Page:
"My child is learning two different languages, does that mean he/she will fall behind his/her peers in school and have speech and language issues?"
I wish I could give you a straight-forward “yes” or “no” answer, but the truth is, I cannot. I can speak to you as a clinician who has seen many families who speak two different languages (e.g., Arabic and English, Spanish and English, Hebrew and English) and can provide you with some research that has been completed about this very topic. Unfortunately, even though there have been SOME studies, they range in consistency and there really aren’t that many long-term conclusions that have been met.
One thing is for certain, recent studies have concluded that learning two languages can certainly lead to advantages for children, such as higher educational achievement, improved social use of language, and higher cognitive flexibility (being able to multitask). These benefits are most likely due to the high demand on their intellectual system as a result of managing two languages on a daily basis.
I can tell you one thing for sure – most families that I provide therapy for are advised to keep their children’s language exposure to only one. This means, that if the family is using their dominant language at home only, but the child receives a second language in a different setting, (e.g., family speaks Spanish as their dominant language, but child goes to an English speaking school), then the family is forced to switch from their primary language that they are comfortable with and modelling correctly, to a language that is not easy to learn overnight. This causes confusion for the child AND the family. If that is what you are being advised to do, please do not listen and get a new therapist! Language development can be normal or abnormal REGARDLESS of how many languages the child is learning!
Bilingual children are also NOT more prone to developing a speech and language disorder. Odds are, if a child has a true language disorder, you will see the same articulation and sound errors in BOTH languages. This is why testing/evaluations should be conducted in both languages, if possible. If this cannot occur, the parent should be included in the room in case the examiner has any questions about vocabulary. If therapy is provided in both languages, it leads to quicker progress and increased carryover to the second language.
I’ve also seen at the private practice that bilingual children, although at a slower rate, will show progress and will be able to develop normal speech and language skills with the help of therapy. Another thing to remember, every child is different. Although they all have the ability to learn vocabulary in multiple languages, if there are cognitive and learning disabilities, they may develop slower than other children.
I work full-time in a school district and part-time at a private practice. Both settings give me access to bilingual students (mainly Arabic and Spanish speaking).
One of the first little boys that I saw was a 6 year old boy “D.G.” whose parents spoke Arabic at home. It is important to mention that his parents did know English, but preferred to only speak Arabic when the family was together. The little boy went to an English speaking only school. He was brought in for an evaluation because the staff at the school couldn’t understand him when he communicated. His parents also stated it was becoming difficult at home to comprehend his speech in English only.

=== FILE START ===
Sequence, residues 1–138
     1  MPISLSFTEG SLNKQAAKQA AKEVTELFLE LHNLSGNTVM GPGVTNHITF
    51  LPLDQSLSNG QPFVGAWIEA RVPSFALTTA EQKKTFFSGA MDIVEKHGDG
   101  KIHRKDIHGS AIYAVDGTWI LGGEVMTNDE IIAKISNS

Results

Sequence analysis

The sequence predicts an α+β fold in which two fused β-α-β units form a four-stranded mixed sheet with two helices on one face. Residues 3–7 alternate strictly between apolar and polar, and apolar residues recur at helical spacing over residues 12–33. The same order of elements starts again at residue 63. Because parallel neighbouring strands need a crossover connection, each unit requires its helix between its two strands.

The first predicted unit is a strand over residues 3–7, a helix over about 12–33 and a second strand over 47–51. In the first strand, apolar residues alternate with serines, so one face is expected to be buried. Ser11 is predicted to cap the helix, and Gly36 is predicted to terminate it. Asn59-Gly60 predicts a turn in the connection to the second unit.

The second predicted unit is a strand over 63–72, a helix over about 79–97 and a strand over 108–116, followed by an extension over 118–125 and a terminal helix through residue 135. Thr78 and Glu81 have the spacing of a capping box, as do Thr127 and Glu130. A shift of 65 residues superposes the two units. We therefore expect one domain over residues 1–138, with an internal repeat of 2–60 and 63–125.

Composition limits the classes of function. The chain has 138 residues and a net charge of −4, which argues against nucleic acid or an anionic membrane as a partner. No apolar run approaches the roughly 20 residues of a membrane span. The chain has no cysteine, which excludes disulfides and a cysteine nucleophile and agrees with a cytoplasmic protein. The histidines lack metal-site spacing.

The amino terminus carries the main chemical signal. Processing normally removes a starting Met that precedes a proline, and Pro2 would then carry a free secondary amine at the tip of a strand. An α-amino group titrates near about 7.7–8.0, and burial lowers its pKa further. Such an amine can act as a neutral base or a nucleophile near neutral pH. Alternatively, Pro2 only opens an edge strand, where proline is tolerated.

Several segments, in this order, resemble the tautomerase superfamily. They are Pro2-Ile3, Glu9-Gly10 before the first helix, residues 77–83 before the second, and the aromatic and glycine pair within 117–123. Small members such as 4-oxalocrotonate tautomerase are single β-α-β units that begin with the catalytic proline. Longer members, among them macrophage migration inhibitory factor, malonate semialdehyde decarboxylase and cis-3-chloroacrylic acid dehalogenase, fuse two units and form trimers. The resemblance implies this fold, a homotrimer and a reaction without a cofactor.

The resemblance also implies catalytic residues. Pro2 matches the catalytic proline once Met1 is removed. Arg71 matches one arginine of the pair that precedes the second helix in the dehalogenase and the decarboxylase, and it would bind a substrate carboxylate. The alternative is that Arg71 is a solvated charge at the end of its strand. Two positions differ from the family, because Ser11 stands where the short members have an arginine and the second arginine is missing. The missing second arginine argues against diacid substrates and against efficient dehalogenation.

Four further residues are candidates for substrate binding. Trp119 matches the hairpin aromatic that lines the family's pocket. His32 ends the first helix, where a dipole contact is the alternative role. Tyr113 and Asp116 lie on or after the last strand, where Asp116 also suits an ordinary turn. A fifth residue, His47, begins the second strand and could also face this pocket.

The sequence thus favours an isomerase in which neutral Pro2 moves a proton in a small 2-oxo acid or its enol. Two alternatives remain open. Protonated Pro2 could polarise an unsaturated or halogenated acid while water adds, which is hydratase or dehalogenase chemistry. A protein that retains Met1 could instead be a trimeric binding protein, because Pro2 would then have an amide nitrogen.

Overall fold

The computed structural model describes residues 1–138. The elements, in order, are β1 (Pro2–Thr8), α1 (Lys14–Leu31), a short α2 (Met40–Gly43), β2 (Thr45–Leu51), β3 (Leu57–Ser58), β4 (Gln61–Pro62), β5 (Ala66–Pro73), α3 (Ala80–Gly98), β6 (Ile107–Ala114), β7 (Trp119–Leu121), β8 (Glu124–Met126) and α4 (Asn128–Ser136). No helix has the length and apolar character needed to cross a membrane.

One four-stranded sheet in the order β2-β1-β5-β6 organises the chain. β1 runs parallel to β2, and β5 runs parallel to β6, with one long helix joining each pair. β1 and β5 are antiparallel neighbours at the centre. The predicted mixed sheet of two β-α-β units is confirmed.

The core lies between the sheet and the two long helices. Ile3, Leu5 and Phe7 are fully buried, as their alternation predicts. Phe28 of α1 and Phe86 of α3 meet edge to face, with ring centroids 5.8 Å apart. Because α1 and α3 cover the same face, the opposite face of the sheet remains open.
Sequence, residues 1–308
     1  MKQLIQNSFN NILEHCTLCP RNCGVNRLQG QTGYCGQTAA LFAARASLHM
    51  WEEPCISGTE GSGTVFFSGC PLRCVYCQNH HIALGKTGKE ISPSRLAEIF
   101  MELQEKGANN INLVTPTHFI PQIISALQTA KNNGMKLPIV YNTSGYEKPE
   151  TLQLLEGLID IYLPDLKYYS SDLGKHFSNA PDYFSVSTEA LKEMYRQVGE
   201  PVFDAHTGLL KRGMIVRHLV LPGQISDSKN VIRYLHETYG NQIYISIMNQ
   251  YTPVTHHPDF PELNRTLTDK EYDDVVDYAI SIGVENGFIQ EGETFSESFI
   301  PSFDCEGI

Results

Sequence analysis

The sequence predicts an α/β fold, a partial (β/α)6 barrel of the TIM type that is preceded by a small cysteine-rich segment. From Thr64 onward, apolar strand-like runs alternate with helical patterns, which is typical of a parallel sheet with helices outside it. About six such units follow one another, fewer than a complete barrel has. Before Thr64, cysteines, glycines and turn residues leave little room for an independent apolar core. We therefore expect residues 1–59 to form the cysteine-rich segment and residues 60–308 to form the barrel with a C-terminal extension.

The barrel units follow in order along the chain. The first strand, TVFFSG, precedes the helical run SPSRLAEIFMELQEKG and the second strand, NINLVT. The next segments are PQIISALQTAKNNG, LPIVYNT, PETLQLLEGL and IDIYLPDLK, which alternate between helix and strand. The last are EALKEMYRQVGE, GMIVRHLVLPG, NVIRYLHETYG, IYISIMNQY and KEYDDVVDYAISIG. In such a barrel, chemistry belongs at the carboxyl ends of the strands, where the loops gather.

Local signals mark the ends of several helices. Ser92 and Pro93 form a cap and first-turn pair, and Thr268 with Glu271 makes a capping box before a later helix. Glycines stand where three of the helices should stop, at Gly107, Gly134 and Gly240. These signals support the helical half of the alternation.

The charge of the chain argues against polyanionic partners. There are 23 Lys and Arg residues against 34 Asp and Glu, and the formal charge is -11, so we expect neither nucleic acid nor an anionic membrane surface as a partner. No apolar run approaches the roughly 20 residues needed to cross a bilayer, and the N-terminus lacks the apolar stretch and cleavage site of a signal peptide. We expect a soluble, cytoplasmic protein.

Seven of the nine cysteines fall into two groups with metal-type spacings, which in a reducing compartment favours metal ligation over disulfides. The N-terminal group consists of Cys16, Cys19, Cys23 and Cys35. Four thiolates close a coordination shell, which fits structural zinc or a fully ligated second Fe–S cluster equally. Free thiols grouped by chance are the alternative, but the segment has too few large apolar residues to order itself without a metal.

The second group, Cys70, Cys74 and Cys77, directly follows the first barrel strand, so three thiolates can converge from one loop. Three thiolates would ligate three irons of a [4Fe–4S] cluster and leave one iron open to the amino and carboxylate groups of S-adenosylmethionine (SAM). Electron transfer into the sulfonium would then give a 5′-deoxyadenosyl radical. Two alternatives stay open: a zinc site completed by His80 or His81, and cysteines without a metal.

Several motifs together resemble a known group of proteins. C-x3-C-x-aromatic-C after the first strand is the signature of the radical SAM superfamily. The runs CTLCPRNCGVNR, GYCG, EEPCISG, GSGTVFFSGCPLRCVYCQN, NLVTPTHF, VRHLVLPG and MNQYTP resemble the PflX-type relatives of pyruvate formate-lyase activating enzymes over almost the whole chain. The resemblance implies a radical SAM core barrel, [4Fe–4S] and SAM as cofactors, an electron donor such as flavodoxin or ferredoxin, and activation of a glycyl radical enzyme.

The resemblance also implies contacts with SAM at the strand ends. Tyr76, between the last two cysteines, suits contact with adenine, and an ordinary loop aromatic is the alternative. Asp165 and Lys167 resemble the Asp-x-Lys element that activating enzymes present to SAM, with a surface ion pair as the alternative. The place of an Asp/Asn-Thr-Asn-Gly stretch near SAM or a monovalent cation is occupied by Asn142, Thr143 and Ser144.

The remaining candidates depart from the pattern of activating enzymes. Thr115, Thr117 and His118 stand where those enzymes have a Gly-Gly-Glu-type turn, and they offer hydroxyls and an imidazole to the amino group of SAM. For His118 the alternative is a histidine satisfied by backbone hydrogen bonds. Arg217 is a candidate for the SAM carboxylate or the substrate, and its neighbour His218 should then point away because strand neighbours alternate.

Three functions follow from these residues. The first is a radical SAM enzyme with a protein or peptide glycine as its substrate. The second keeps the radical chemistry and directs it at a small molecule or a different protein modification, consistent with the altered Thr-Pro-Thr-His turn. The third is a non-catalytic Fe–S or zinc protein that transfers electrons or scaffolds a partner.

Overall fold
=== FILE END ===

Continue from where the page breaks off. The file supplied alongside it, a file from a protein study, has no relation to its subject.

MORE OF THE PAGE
When I first met “D,” I noticed that I could only understand about 10% of what he was saying. This is extremely low for a child that is 6 years of age. He also seemed to have extreme difficulty paying attention to anything for more than 3-5 minutes. I cannot speak Arabic and as part of my evaluation, I wanted to see what he was producing in both languages. His parents came into the room and I asked him to produce simple words like “dog” in both languages. According to his parents, the words in Arabic that were previously spoken clearly, were distorted; they were also distorted in English, however, the English words were coming out clearer than the Arabic words.
While working with “D,” it was determined that the reason his English was improving (although unclear) and his Arabic was declining was because he was hearing English for more hours in the day as compared to the amount of time he was hearing Arabic. I told the parents to begin supplementing all Arabic communication with English. For example, if he requested “milk” in English, he should be given the word in Arabic and visa versa. After 1 year of therapy (2 times per week), he was noticed to make significant improvement in both languages. So much so, that his intelligibility was at 75-85% in therapy.
“D’s” progress in therapy was also due to his parents being very involved and inquisitive about their roles. They constantly asked for handouts, suggestions and gave me feedback from “D’s” teachers. That will be key in your child’s success, as well.
A study was completed by Barbara Zurer Pearson (University of Miami) and Sylvia C. Fernandez (University of Maryland) in 2001, which looked at the patterns of vocabulary growth in bilingual infants and toddlers. They took 20 children from birth and followed them over a period of 2 years to see what their language development looked like. The study was very long and very involved, but they concluded several different things:
The take-away? Bilingual children are not behind in their speech development compared to monolingual children; they are just learning at a slower rate.
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